Since its inception, the Nuclear Energy Agency (NEA) has served as a flexible and powerful platform for multinational research co-operation, particularly in areas related to global nuclear safety. The projects conducted under the NEA’s auspices have for decades enabled nuclear safety regulators, industry and research organisations to share research costs and results. That, in turn, has supported safety regulations and practices and facilitated their harmonisation around the world.
The NEA held the Nuclear Safety Research Joint Projects Week: Success Stories and Opportunities for Future Development from 9 to 13 January to review the accomplishments of the joint safety projects over the last four decades. Through a series of webinars, leaders in the sector discussed the outcomes of close to fifty nuclear safety projects and examined how the established frameworks, research platforms and networks could support developments in nuclear energy, facilitating innovation and harmonisation.
The webinars were attended by around 450 experts from 59 countries and several international organisations. Participants highlighted the benefits of the projects to nuclear safety stakeholders and their importance for building research platforms and the competencies needed to develop the nuclear sector.
The discussions also addressed the challenges, including how joint safety projects can ensure that research is carried out in an efficient and effective manner and how they could better serve the development and maintenance of key competencies and infrastructures. Participants explored new ways to encourage public and private stakeholders to help fund future safety research joint projects.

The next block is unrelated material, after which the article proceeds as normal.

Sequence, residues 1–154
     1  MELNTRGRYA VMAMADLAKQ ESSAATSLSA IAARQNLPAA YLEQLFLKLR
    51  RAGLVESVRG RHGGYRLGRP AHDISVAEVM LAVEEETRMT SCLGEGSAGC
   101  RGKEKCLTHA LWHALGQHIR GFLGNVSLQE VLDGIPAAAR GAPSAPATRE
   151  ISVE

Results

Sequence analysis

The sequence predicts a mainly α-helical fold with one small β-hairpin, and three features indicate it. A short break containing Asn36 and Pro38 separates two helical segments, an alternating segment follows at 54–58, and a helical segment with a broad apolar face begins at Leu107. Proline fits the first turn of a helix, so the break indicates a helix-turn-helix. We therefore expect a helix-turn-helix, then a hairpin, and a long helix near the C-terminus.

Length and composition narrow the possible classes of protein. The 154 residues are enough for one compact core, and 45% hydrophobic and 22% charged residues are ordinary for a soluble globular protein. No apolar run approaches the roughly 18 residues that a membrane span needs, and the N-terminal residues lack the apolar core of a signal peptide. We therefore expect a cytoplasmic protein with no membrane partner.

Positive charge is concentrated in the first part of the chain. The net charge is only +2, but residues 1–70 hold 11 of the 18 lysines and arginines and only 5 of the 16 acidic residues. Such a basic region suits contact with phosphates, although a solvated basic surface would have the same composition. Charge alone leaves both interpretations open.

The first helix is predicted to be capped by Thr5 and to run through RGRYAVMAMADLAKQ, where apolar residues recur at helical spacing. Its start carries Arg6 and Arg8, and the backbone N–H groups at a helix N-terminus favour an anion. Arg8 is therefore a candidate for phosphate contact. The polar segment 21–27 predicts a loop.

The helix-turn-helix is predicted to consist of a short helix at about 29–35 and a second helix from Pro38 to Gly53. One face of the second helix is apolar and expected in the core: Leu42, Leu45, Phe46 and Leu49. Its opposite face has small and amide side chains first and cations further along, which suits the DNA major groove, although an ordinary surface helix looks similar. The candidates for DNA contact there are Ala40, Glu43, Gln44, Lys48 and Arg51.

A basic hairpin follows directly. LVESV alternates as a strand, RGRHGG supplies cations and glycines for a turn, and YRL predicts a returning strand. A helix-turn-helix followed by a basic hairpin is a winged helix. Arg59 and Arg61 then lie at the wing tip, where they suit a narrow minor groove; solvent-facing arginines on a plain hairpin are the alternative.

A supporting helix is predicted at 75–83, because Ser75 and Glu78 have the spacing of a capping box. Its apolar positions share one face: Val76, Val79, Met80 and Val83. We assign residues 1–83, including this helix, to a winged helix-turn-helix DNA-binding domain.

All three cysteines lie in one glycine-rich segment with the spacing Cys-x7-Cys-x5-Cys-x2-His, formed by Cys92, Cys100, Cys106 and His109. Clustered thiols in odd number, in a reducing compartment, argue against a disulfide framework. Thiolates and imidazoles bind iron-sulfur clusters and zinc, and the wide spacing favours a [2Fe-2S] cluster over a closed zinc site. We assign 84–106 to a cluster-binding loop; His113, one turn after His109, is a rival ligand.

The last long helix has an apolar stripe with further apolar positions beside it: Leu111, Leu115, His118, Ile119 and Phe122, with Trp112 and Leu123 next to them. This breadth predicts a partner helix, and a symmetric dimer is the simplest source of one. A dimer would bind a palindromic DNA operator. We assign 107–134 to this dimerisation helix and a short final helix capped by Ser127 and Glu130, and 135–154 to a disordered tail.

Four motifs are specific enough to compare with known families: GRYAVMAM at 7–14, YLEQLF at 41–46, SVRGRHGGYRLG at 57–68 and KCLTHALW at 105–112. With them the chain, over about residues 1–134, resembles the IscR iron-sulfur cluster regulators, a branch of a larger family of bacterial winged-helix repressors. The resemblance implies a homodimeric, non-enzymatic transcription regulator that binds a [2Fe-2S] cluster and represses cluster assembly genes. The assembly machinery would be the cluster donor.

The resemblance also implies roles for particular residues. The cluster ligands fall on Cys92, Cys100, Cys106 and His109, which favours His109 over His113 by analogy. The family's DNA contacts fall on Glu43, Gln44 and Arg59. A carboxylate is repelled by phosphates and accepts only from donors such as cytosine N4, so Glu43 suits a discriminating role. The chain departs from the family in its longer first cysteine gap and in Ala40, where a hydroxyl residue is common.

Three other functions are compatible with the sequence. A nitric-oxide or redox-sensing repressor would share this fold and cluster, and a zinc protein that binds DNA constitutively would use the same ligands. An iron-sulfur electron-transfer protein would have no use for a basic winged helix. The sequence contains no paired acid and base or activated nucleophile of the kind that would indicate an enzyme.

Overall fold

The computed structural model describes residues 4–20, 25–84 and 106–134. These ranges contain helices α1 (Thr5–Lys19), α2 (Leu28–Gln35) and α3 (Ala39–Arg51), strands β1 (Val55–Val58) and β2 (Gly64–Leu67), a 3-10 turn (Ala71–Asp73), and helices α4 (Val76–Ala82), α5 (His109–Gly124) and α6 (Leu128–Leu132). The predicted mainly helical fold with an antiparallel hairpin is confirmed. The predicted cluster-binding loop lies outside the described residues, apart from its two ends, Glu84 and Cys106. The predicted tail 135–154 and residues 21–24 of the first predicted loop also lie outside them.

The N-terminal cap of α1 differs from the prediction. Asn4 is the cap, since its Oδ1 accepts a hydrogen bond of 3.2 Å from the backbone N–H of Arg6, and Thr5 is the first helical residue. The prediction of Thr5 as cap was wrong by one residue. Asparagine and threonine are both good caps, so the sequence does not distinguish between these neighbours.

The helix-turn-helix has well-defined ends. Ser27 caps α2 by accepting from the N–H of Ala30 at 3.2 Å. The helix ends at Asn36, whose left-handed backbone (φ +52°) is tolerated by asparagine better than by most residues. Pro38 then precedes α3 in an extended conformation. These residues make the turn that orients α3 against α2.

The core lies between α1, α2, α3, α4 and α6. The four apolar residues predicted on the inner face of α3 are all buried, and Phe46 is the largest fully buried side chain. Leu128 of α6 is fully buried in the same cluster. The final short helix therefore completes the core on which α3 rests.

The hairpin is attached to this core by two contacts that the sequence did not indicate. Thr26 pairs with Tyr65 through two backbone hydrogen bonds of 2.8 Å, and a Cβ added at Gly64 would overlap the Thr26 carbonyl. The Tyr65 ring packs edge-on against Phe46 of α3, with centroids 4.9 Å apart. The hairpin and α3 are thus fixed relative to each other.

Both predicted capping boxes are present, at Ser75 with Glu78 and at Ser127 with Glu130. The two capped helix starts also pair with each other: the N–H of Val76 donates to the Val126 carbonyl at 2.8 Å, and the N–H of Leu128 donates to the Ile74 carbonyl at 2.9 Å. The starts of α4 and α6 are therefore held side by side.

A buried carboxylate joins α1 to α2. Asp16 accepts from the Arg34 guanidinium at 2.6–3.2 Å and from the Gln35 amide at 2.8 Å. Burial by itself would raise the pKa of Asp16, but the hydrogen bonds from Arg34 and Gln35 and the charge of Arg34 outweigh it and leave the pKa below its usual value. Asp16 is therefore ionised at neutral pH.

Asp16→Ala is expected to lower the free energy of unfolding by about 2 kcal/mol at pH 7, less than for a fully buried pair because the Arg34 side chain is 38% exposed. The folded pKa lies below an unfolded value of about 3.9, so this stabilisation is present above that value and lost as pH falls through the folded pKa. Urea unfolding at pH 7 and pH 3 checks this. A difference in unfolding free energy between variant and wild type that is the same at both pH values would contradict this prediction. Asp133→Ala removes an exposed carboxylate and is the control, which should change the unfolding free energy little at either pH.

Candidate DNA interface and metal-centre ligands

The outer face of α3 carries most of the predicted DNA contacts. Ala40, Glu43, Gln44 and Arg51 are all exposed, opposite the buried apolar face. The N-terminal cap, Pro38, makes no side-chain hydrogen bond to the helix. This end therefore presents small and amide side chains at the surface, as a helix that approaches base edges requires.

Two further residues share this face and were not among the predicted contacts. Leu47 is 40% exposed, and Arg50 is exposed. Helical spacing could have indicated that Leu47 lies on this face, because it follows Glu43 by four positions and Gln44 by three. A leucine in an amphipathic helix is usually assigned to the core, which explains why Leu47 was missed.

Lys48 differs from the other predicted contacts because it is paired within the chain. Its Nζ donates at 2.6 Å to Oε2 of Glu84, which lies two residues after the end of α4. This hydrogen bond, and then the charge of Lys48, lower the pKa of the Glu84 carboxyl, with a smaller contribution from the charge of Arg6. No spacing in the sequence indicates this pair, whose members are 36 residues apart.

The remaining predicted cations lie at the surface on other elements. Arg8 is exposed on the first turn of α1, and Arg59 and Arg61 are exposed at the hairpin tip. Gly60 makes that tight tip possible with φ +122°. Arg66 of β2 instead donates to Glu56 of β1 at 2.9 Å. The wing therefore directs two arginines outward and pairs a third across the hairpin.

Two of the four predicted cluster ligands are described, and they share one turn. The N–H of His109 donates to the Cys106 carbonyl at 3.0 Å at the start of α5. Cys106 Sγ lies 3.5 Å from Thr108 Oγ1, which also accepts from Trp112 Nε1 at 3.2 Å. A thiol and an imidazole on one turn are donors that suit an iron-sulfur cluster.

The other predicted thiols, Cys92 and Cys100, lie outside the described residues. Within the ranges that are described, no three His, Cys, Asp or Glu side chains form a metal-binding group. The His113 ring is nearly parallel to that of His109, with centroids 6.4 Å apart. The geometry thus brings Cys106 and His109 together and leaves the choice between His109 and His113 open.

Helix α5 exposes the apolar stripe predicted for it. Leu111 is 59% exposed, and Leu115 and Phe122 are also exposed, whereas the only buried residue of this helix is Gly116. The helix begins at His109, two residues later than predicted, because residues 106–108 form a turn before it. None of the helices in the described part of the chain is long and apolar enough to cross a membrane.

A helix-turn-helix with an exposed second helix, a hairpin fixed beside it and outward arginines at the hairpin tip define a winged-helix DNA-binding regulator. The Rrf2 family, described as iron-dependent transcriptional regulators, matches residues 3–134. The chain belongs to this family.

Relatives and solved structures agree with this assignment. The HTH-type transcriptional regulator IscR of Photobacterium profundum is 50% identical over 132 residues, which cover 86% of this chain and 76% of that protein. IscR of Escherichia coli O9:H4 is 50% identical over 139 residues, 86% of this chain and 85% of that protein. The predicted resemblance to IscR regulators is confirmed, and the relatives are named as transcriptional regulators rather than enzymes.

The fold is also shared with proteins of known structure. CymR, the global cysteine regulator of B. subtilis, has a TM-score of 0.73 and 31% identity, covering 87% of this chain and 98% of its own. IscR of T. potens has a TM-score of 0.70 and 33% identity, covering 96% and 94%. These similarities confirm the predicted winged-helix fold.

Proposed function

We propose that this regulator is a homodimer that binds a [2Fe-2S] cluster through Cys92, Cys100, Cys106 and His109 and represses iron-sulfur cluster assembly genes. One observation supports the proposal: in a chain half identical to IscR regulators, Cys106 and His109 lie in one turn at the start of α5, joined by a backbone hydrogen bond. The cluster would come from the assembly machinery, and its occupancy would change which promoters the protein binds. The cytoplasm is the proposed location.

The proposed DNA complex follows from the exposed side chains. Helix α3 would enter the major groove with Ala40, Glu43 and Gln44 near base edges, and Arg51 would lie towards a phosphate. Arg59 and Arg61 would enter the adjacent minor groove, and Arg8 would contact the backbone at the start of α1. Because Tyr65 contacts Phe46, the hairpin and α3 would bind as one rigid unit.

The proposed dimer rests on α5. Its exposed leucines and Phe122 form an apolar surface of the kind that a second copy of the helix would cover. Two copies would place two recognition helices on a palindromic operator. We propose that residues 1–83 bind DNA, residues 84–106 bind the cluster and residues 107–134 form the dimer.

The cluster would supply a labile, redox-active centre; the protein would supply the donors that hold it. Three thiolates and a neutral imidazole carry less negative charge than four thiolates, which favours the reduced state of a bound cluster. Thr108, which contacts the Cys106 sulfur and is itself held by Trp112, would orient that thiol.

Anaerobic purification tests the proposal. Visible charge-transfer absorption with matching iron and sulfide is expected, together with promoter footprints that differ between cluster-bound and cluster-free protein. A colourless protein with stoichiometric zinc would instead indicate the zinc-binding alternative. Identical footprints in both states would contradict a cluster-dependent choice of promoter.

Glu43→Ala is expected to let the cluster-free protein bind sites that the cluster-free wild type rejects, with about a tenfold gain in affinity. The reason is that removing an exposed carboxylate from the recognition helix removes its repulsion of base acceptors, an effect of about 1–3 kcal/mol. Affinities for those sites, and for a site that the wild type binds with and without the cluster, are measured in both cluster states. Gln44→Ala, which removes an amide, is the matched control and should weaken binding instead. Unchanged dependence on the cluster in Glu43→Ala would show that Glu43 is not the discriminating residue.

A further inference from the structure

Speaking at the opening of the events in a video, Veronique Rouyer, Head of Division of Nuclear Safety Technology and Regulation at the NEA, said: “There are still many opportunities to develop new research projects in the new international dynamics of nuclear energy. The framework exists, the framework has proven its effectiveness, the framework is flexible. It can be set up very easily if a set of partners are ready. The NEA environment, with all of its technical committees, is ready as well to facilitate the conversation.”
The event led to five key recommendations to enhance the efficiency and benefits of joint projects:
- Establish additional mechanisms and advisory panels at appropriate levels to prioritise needs in nuclear safety research, including for advanced concepts, and support the development of targeted international projects proposals.
- Promote a more integrated approach to safety research in the main safety technical areas (e.g. accident and ageing management) around sets of experimental platforms.
- Promote the involvement of the industry, including designers of advanced concepts, by placing greater emphasis on their needs.
- Secure the preservation and dissemination of project outcomes for expertise building and wider use, including in countries with recent nuclear development.
- Implement mechanisms within projects for enlarging expertise building.
Veronique Rouyer summed up the innovative, analytical and ambitious nature of the joint safety projects in her statement: “A safe nuclear energy must maintain this questioning attitude, to improve safety and performance and, whatever the competitiveness, the key fundamental issues must be discussed at the international level.”